Dementia care is an ever-changing discipline that requires a long-term commitment to training and staff development. Approached sensibly, a strong program will pay dividends far down the road. Experts give tips here on how to best prepare staff to care for residents with Alzheimer’s disease or other dementias.

Tap into resources locally, and beyond. Some of them can be found in nearby community colleges or universities, or conferences hosted by trade groups and professional associations, says Juliet Holt Klinger, senior director of dementia care at Brookdale Senior Living.

“The best workforce development solutions are designed to offer short, interactive sessions that engage students and can be accessed on their own timelines and at their own pace — even from home — minimizing time away from residents and increasing productivity,” adds Mollie Condra, vice president at HealthStream. “The post-acute care workforce now has access to online training and competency assessment solutions on par with what the acute care industry has been using for years.” 

Consider programs that provide continuing education credits in dementia care and geriatric nursing, such as the University of Iowa School of Nursing and the Alzheimer’s Association, whose online individual certification program — essentiALZ® — provides recognition for knowledge of quality dementia care practices, Klinger adds.

Dementia care is a specialized discipline, so choose training accordingly.

“Facilities that provide care for patients with dementia must have a comprehensive education program that provides not only training and education about Alzheimer’s and dementia disease processes, but instructor-led training sessions in which scenarios can be presented and/or real life situations discussed among staff,” says Jim Triandiflou, CEO of Relias Learning.

Employees can enrich residents’ sense of self and well-being by embracing evidence-based practices such as validation therapy and individualized activity programs, adds Stella Hatcliffe, professional education director at the Mather LifeWays Institute on Aging. 

“If organizations aren’t doing differential training and special skills training, then they’re missing the boat,” adds Klinger. “Knowing how to prompt and cue and lead purposeful activities, for example, isn’t something you can pick up in a book.” 

Dementia care is not a quick study, and staff can easily be overwhelmed. Jan Wilson, vice president of learning design and outcomes at Redilearning, believes some organizations rush through staff development.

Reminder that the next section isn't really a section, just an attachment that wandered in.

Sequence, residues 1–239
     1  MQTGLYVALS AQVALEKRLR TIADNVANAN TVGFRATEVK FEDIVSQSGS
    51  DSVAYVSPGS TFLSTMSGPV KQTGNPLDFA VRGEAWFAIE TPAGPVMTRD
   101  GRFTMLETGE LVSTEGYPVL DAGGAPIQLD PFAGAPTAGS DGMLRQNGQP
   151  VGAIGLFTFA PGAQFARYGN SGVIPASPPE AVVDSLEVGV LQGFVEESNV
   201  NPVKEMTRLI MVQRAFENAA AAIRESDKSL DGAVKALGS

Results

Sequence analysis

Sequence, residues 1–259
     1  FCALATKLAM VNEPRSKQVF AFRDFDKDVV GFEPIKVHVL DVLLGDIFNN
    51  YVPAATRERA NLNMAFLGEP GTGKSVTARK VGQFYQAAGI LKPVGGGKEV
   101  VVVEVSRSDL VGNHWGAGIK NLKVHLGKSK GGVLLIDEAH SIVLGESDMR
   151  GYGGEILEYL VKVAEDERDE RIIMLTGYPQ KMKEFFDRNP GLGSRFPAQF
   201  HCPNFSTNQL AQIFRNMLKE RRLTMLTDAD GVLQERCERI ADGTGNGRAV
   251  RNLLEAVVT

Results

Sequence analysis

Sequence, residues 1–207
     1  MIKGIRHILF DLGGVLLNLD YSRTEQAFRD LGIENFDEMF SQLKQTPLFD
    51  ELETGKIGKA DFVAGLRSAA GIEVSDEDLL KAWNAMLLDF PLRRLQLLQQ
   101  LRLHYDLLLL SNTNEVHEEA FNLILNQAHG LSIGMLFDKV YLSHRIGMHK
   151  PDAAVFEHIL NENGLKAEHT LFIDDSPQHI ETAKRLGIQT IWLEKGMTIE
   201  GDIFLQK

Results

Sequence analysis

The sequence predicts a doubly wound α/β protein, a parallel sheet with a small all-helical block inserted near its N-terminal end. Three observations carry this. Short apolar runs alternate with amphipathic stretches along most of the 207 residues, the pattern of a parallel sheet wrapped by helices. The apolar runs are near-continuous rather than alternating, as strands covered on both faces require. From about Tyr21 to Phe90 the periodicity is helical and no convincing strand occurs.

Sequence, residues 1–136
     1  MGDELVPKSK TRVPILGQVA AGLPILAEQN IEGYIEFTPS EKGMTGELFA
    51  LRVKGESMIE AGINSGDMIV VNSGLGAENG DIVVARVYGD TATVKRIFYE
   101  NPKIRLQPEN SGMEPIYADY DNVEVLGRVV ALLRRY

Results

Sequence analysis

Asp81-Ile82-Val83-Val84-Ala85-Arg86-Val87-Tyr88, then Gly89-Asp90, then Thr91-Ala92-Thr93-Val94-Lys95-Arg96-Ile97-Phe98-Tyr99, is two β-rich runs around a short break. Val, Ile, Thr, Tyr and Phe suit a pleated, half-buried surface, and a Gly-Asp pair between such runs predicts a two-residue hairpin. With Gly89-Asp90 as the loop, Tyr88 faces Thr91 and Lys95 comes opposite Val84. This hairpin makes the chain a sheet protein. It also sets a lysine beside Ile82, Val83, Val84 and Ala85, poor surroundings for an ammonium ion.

“While we as an industry may do a reasonable job on getting caregivers ready to tackle caring for dementia residents, it’s easy to apply a ‘bolus’ approach, which as an educator, makes one wonder if they can absorb or apply everything we try to throw at them at the start of their careers,” she says.

Adds Klinger: “One misconception is that everyone can just do it, or sit through a week of orientation and they are good to go. Too much emphasis on information about plaques and tangles and the disease process doesn’t really help. We believe that simply training about the clinical aspects of the disease is not enough.”

Prepare for an investment of time and money. Quality continuing education, ongoing development and reward systems can keep a dementia care program vibrant when staff is supported and feels valued for the challenging work they provide, according to Wilson. One of the biggest mistakes any provider can make is “taking shortcuts by not giving it the budget and staff hours it deserves,” adds Klinger.

Accept that dementia care is always evolving, and training and education are a career-long process. 

“Don’t trust that what worked yesterday will work today,” cautions Debi Damas, RN, senior product manager for Relias Learning’s senior care division. 

“Professional development is a dynamic process,” adds Klinger. “The body of knowledge is changing all the time and caregivers need to stay abreast of it. Every time I’m with someone living with dementia, I learn something new and I’ve been doing this for 30 years.”

Mistakes to avoid

Taking shortcuts. Dementia care is not a quick study, and staff can easily be overwhelmed.

Failing to commit to long-term investment in training and education. The body of knowledge about dementia care is still in its infancy.

Over-emphasizing the “science” over the “art” of dementia care.